Religion and faith have also figured largely in the Bush Administration and among certain sectors of the American electorate. Three films that look at the dark power of religion in America--Deliver Us From Evil, Jesus Camp and Jonestown: The Rise and Fall of Peoples Temple--find themselves on the short list for Academy Award consideration.
One of the biggest stories of 2005--Hurricane Katrina and its aftermath--inspired one of the biggest docs of 2006. Spike Lee's When the Levees Broke is a sweeping, magisterial meditation--indeed, a requiem, as its full title declares--on the staggering sociocultural, political and environmental ramifications of this disaster.
And in a quieter, but no less blyrical and elegant, epic, A Lion in the House, Julia Reichardt and Steven Bognar followed a group of children and their families through the throes of cancer. The filmmakers find the humor, heartbreak and humanity in all of these characters.
Of course, the biggest film of the year, one that has garnered both kudos and big box office bucks, is "that Al Gore documentary," An Inconvenient Truth. Taking the template of the former US Vice President's power-point presentation on the perils of global warming, filmmaker Davis Guggenheim manages to present a man who, in the wake of losing the presidency, found his passion. By the end of its theatrical run, the film found itself sandwiched between March of the Penguins and Bowling for Columbine as the third highest grossing documentary of all time, according to boxofficemojo.com.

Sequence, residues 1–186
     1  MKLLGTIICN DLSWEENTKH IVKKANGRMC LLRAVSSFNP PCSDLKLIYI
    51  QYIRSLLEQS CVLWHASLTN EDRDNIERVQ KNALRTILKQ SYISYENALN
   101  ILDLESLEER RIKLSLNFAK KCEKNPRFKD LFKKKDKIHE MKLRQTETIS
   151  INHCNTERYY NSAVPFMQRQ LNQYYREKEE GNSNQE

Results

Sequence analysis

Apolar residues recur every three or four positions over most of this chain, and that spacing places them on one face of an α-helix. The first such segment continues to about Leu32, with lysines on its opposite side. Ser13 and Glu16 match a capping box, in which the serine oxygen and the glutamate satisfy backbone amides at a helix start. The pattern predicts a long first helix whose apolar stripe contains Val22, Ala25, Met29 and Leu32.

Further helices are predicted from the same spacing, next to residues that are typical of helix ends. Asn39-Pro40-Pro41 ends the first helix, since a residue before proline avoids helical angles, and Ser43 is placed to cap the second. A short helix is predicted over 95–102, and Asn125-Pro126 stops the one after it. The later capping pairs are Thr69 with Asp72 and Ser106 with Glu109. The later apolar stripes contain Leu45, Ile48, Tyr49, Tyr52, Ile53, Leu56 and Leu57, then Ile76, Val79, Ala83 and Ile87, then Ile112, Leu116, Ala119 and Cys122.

And 2006 was another banner year in this much hyped Golden Decade of the Documentary. While we may never witness a zeitgeist kind of year like 2004, in which a phenomenal 11 docs topped the $1 million mark and Fahrenheit 9/11 earned nearly $120 million domestically, this past year was respectable, with seven films surpassing the seven-figure barrier. In addition to An Inconvenient Truth, there was Wordplay, Who Killed The Electric Car?, Why We Fight, Shut Up & Sing, The U.S. vs. John Lennon and Leonard Cohen: I'm Your Man--films about, respectively, a hobby, an environmental issue, America and its military-industrial complex, the Dixie Chicks and John Lennon and their strikingly similar battles for freedom of expression in a politically divided nation, and a portrait of an artist as an eminence grise.
The year-end IDA Awards Gala was graced with an unprecedented number of A-listers, including Al Gore himself, who delivered a de facto keynote address, in which he declared, "Our democracy is achieving an opportunity for new life and receiving new flows of energy because of the vitality and creativity of documentary filmmakers."
As we look at the year ahead of us, intent on filling the blank slate of days and months with rich and vital stories, the landscape, though challenging and daunting and often frustrating, looms as large as an IMAX screen and as deceptively small as a cellphone.
Thomas White is editor of Documentary magazine.